Ted Lasso, and the Fantasy of Soft Masculinity
The men in sports television and movies are often wounded and broken, and sport is the arena of redemption, the thing that is going to put them back together. Sports heal all — in the 2001 film “Remember the Titans,” playing football is a way to mend acrimonious racial divides; for the young men in “Friday Night Lights,” manhood, community and the respect of one’s peers is earned one yard at a time.
But the promise of “Lasso” is different: Where we are used to seeing men do battle for connection, this universe assumes a more tender arrangement. The men in “Lasso” can try to isolate themselves and steep in their problems alone, but they will find that their safety net of other men will come barging in, ready to do what it takes to help. “Lasso” is a show built on softness.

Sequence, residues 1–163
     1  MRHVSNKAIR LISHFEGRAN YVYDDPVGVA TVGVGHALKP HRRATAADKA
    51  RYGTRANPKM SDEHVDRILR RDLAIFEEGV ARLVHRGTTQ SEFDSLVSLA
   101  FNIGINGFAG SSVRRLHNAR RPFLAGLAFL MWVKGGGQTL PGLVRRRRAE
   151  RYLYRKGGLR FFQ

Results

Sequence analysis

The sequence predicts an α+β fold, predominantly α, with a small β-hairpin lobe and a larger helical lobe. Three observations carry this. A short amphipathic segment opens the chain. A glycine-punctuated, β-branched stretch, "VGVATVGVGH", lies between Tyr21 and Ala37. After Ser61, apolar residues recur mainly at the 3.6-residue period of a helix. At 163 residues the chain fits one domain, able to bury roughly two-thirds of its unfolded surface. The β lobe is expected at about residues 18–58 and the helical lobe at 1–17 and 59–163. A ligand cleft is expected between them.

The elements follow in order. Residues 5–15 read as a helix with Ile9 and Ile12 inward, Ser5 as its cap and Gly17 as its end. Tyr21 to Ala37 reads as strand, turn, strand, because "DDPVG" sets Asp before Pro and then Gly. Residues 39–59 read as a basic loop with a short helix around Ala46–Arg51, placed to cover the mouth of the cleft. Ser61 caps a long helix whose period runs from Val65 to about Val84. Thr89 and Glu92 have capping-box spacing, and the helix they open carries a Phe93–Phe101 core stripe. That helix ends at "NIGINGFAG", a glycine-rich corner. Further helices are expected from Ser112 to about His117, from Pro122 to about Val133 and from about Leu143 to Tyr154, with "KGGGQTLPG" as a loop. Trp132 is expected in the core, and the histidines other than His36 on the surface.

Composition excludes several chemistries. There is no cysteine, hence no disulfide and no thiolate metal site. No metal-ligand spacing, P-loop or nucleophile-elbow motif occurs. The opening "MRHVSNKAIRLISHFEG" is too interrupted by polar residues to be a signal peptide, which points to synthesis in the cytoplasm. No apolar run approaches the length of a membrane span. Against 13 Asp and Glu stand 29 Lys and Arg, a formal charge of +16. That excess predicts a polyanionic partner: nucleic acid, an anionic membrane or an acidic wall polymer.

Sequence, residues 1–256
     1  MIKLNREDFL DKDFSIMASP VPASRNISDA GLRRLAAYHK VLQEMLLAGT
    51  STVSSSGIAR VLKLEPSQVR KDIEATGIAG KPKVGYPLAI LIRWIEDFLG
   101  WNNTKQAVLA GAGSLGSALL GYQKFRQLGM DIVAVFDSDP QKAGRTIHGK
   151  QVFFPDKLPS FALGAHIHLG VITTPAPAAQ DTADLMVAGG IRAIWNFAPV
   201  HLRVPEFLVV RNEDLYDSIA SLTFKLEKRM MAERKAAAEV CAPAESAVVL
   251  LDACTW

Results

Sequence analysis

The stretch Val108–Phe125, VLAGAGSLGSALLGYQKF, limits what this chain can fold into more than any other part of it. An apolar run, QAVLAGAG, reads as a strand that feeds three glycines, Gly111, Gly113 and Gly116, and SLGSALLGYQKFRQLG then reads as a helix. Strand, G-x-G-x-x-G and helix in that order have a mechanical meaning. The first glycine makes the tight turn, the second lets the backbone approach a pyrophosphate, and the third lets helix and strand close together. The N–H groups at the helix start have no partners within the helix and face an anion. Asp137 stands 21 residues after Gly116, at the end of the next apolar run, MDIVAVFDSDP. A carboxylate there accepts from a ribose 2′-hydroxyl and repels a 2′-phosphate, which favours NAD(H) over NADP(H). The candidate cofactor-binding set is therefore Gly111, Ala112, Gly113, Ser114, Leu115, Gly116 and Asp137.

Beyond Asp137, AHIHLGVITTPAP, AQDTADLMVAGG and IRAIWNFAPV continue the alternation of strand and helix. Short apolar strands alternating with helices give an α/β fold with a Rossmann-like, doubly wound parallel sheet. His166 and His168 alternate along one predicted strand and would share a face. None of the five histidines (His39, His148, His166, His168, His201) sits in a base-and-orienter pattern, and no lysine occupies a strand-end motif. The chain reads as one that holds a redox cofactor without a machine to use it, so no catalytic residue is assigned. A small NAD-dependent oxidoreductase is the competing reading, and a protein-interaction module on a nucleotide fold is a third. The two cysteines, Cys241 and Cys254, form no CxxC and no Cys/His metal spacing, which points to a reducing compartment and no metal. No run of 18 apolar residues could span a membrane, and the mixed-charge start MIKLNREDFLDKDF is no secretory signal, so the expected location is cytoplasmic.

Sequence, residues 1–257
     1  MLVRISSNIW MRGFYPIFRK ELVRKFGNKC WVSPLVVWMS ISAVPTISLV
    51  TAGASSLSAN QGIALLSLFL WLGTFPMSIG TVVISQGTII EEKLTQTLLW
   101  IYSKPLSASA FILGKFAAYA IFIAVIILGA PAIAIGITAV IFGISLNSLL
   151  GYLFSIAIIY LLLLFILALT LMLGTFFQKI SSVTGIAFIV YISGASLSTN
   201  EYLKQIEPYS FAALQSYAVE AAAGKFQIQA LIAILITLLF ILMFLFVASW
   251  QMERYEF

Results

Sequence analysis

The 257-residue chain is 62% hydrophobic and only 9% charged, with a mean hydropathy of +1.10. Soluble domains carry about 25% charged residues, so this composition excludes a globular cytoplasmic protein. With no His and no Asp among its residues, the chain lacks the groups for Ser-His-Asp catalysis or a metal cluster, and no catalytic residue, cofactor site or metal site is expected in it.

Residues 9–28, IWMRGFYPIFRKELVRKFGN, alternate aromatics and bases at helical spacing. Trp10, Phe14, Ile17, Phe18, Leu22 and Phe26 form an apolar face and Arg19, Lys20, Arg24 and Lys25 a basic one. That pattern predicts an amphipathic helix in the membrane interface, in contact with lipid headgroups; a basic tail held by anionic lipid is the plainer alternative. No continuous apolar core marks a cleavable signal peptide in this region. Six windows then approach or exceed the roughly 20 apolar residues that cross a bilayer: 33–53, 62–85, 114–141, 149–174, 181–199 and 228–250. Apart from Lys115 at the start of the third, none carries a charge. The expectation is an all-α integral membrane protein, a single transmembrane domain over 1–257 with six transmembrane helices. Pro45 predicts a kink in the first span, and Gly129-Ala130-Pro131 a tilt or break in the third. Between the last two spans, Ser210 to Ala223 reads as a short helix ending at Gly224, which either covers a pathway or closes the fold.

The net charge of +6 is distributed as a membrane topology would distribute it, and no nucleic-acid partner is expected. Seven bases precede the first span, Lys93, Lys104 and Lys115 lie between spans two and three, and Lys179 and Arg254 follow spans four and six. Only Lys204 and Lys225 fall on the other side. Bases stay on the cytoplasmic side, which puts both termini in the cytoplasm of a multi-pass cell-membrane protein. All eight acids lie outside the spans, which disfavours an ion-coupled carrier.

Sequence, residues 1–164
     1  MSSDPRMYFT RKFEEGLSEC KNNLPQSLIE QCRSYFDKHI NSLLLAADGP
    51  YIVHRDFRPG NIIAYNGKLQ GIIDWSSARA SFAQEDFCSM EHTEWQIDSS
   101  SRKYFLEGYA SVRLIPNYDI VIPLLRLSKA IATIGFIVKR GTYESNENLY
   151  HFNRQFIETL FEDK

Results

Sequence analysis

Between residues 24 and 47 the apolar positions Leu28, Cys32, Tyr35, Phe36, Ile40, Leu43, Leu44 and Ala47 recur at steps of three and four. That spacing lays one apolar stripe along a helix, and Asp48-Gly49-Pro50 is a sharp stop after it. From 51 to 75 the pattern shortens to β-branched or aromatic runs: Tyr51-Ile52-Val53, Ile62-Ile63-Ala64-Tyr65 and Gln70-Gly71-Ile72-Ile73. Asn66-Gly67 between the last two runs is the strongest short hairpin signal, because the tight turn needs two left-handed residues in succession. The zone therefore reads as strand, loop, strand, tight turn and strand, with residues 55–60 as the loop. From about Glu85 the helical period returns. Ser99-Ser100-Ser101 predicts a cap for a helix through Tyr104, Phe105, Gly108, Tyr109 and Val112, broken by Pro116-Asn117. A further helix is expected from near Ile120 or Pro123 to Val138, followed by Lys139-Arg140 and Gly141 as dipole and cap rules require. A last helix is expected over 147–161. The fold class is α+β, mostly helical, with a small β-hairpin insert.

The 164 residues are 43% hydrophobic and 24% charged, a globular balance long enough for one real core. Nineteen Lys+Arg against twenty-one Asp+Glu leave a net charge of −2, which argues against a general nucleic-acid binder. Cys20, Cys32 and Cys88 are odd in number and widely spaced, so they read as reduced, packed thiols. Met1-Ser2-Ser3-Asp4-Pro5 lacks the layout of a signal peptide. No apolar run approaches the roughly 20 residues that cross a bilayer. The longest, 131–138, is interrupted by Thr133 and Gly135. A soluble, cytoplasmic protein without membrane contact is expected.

But this is a fantasy. In real life, young men are often told that their moral absolution comes in the form of toughness, of suffering in silence. In real life, noxious figures who deride being emotional command a large audience. In real life, a 19-year-old offensive lineman, Jordan McNair, died in 2018 after being hospitalized for heatstroke. He collapsed after a team workout at the University of Maryland. ESPN published a report that highlighted a culture of “fear and humiliation” within the team, a culture that made it difficult to admit thirst, let alone exhaustion. But in “Lasso,” the fantasy comes to the fore. Forget winning in order to overcome your problems — “Lasso” suggests the reverse: You can’t win if you aren’t right within.